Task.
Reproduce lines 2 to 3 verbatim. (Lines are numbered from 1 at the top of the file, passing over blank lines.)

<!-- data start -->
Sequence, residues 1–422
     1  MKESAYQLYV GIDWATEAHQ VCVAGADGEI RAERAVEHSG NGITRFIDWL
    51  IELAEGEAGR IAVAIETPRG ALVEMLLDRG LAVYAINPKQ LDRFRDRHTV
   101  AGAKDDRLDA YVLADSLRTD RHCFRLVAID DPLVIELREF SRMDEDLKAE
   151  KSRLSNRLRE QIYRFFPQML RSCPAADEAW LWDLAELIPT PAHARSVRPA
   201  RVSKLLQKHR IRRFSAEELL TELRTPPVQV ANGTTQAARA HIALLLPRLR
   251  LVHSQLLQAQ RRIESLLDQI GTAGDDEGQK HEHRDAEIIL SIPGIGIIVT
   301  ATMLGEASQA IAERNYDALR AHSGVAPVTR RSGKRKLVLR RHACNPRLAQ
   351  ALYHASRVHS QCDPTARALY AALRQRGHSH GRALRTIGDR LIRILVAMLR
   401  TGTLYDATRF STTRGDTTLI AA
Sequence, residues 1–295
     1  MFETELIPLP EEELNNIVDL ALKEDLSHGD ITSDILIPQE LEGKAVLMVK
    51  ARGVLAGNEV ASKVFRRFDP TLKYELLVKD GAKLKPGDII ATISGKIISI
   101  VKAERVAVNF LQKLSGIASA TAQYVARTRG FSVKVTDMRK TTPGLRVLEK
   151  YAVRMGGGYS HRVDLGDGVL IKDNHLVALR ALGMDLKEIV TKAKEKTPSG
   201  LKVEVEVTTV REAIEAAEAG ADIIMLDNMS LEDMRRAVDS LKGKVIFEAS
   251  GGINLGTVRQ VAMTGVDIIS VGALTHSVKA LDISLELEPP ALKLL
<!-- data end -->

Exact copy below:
     1  MKESAYQLYV GIDWATEAHQ VCVAGADGEI RAERAVEHSG NGITRFIDWL
    51  IELAEGEAGR IAVAIETPRG ALVEMLLDRG LAVYAINPKQ LDRFRDRHTV